For all Stanley Kubrick’s visual brilliance it was thanks to visual effects supervisor Douglas Trumbull that made the directors vision for 2001 A Space Odyssey (1968) a reality. Three years later Trumbull would be directing his first feature film the environmentally themed and ahead of its time sci-fi film ‘Silent Running’.
In the not-so-distant future, Earth is barren of all flora and fauna, with what remains of the planet’s former ecosystems preserved aboard a fleet of greenhouses orbiting in space. When the crews are ordered to destroy the remaining specimens, one botanist, Freeman Lowell (Bruce Dern), rebels and flees towards Saturn in a desperate bid to preserve his own little piece of Earth that was, accompanied only by the ship’s three service robots.
It was a story that Trumbull had knocking around in his head for some years and the film was duly scripted by Deric Washburn a fledgling Michael Cimino (who would go on to Oscar winning greatness with The Deer Hunter), and Steven Bocho who himself would break new ground in TV drama with Hill Street Blues. Trumbull had never intended to direct it but soon realized that with the visual effects required he should take the reins aided by an experienced DoP and editor. Taking the lead role would be Bruce Dern who until then had largely been cast as the bad guy but this would be a ‘good guy’ role as he bids to save the last remaining bit of greenery aided by three robots named Huey Dewey and Louie. Dern is great in the role but it’s those three robots who are as memorable as anything else in the film. In a bid to move away from the usual android type these three squat box like robots walked round on two feet and to achieve this the robot costumes were inhabited by late teen / twenty something double amputees whose arms fitted into the robots ‘legs’ and having them walk around the sets.
The production was not shot in a studio but actually on large disused aircraft carrier reducing set building costs but equally the ship had no running water or working electrics and despite the size of the carrier many of the scenes were shot in cramped conditions once lighting and cameras were in position. It also meant that conditions often became hot and Dern, a keen runner, would go up on deck and continue his daily runs on the flight deck and by the end of production had run around 200 miles.
Silent Running is an often overlooked sci-fi film but was well ahead of the curve with its ecological message which makes it by today’s standards remarkably prescient and the film highly regarded by leading film critic Mark Kermode and rightly so. This 4K restoration blu-ray has, as is now standard with Arrow releases an excellent array of bonus features as follows:
- Brand new 4K restoration by Arrow Films from the original camera negative
4K (2160p) UHD Blu-ray presentation in Dolby Vision (HDR10 compatible)
• Original lossless mono audio
• Optional English subtitles for the deaf and hard of hearing
• Audio commentary by critics Kim Newman and Barry Forshaw
• Original audio commentary by Douglas Trumbull and actor Bruce Dern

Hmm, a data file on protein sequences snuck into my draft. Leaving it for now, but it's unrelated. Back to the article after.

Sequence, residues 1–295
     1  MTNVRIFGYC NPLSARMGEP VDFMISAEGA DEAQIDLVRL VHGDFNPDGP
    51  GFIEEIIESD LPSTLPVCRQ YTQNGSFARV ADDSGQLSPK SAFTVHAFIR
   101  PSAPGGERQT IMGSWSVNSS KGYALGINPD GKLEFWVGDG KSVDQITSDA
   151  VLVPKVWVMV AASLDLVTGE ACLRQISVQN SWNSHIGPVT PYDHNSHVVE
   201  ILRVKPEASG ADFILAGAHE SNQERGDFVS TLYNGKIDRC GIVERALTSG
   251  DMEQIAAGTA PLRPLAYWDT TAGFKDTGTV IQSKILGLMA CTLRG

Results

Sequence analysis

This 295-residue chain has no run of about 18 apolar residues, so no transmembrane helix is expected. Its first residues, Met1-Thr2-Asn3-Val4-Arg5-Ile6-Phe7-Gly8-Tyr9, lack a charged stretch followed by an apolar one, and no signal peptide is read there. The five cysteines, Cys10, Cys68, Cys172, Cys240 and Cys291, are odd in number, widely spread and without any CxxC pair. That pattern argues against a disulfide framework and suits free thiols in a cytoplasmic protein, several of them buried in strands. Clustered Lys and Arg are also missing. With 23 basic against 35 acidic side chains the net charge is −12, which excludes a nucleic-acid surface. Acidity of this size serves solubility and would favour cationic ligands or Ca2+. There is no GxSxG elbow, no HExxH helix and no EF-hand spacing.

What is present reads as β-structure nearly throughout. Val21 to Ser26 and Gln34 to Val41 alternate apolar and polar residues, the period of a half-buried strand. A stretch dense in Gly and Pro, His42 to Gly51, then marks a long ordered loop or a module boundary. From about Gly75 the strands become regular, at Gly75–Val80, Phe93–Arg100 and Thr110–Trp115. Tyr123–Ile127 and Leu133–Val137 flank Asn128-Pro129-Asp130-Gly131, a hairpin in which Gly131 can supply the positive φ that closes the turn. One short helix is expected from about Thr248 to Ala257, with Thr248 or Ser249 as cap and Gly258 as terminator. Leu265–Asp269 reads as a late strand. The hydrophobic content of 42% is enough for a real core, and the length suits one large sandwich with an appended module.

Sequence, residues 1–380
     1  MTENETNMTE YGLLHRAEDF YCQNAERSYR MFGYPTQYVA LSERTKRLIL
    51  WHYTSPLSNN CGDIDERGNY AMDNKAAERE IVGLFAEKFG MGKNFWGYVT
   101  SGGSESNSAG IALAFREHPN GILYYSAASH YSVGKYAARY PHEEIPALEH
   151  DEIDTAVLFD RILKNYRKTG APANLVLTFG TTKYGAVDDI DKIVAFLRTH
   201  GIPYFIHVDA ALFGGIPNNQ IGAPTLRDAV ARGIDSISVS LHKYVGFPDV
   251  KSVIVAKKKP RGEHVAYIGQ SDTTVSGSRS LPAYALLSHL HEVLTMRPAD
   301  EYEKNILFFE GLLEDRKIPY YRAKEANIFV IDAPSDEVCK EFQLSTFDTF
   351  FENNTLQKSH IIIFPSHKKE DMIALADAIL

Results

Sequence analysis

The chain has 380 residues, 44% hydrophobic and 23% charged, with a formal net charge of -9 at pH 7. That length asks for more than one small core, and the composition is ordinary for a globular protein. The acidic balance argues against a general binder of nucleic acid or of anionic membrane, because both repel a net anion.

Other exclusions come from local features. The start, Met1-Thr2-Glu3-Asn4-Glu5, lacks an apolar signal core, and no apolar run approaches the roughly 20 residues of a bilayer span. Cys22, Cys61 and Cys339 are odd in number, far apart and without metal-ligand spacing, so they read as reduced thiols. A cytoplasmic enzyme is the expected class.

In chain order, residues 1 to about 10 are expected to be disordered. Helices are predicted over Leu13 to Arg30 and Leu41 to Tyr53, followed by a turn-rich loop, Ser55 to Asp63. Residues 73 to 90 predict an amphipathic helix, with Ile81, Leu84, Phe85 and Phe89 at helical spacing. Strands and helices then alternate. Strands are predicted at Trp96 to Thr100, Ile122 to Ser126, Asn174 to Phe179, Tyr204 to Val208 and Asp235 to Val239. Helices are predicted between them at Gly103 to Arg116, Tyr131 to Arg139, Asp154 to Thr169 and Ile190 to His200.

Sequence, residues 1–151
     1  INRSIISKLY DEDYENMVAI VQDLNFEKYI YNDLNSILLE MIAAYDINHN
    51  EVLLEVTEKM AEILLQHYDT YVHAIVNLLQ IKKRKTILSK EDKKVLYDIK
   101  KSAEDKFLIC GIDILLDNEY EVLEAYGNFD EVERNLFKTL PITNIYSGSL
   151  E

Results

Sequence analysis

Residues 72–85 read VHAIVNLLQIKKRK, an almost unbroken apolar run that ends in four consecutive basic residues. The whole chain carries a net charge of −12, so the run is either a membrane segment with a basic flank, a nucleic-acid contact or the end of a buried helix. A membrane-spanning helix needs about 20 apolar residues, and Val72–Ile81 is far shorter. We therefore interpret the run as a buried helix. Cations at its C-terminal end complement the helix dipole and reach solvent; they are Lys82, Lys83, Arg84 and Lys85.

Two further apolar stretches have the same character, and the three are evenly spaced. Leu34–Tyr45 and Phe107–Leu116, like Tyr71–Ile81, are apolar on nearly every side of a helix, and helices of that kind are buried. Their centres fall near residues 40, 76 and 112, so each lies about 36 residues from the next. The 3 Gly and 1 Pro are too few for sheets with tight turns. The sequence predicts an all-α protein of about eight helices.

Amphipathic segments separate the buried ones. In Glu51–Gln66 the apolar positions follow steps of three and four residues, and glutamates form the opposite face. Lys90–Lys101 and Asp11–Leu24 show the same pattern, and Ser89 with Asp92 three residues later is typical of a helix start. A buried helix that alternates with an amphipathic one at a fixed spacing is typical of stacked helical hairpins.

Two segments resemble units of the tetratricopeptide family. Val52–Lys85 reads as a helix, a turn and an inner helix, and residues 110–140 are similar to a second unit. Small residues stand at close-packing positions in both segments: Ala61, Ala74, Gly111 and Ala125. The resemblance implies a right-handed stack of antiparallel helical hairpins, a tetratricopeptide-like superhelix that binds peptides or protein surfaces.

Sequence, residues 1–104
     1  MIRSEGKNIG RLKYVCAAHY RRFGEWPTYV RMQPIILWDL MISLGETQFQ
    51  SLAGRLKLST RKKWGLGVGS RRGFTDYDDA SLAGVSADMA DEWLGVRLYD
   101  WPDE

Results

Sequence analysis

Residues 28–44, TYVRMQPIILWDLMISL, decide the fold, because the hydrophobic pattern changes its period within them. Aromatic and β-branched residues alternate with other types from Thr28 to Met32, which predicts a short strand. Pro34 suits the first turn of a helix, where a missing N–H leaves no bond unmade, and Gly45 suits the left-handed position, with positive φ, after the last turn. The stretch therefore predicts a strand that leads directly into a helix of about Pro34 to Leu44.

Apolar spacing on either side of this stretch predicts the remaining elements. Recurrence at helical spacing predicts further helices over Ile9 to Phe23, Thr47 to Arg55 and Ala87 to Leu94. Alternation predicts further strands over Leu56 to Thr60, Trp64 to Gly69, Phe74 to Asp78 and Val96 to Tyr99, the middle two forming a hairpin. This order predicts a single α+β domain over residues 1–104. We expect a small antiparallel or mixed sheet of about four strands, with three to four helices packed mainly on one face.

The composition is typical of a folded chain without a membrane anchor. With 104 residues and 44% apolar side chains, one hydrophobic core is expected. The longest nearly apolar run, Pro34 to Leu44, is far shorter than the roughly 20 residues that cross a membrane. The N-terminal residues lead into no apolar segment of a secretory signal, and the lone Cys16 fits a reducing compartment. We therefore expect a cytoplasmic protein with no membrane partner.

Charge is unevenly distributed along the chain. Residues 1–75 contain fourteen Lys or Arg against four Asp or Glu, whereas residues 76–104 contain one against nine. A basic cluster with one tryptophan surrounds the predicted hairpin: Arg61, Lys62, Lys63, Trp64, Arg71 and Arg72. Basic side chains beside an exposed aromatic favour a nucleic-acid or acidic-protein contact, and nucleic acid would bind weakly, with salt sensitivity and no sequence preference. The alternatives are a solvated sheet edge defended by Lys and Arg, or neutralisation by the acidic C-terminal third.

• Isolated music and effects track
• No Turning Back – an interview with film music historian Jeff Bond on the film’s score
• First Run – a visual essay by writer and filmmaker Jon Spira exploring the evolution of Silent Running’s screenplay
• The Making of Silent Running – an archival 1972 on-set documentary
• Silent Running by Douglas Trumbull and Douglas Trumbull: Then and Now – two archival interviews with the film’s director
• A Conversation with Bruce Dern – an archival interview with the film’s lead actor
• Theatrical trailer
• Extensive behind-the-scenes gallery
• Reversible sleeve featuring original and newly commissioned artwork by Arik Roper
FIRST PRESSING ONLY: Illustrated collector’s booklet featuring writing on the film by Barry Forshaw and Peter Tonguette
The story behind the shot – Close Encounters of Third Kind
The original commentary with director and Bruce Dern is good but with Trumbull having passed away in February 2022 the new commentary is left to Kim Newman & Barry Forshaw and is as highly informative as might be expected. The ‘making of’ is an archive film which is overlong having been padded out with lengthy scenes from the film but is nonetheless full of anecdotal insights into what went on behind the scenes. A conversation with Bruce Dern is worth a look and the actor heaps praise on the director equating his ability on a par with Hitchcock who Dern would work with on the master’s last film ‘Family Plot’ in 1976. An archive Then and Now with Trumbull reveals a man frustrated with subsequent projects falling through and it would be 11 years before he would helm his second and last feature film– 1983’s all-star, ‘Brainstorm’. Trumbull by his own admission felt that his ideas fell somewhere between the IMAX and his own Showcase format – his own immersive concept ideas really came to fruition with the theme park ride that he developed for the Back to the Future theme park ride that became a staple of all other rides at just about every single theme park since.
Silent Running remains one of sci-fi’s great unsung classics and its visuals are as impressive as might be expected from a pioneer who contribution to Close Encounters of the Third Kind and Blade Runner made them such significant entries in the genre. Silent Ruining deserves to be held alongside the great sci fi films.
Here’s the Silent running trailer….
Silent Running is available on Limited Edition 4K UHD & Blu-Ray on 12th December 2022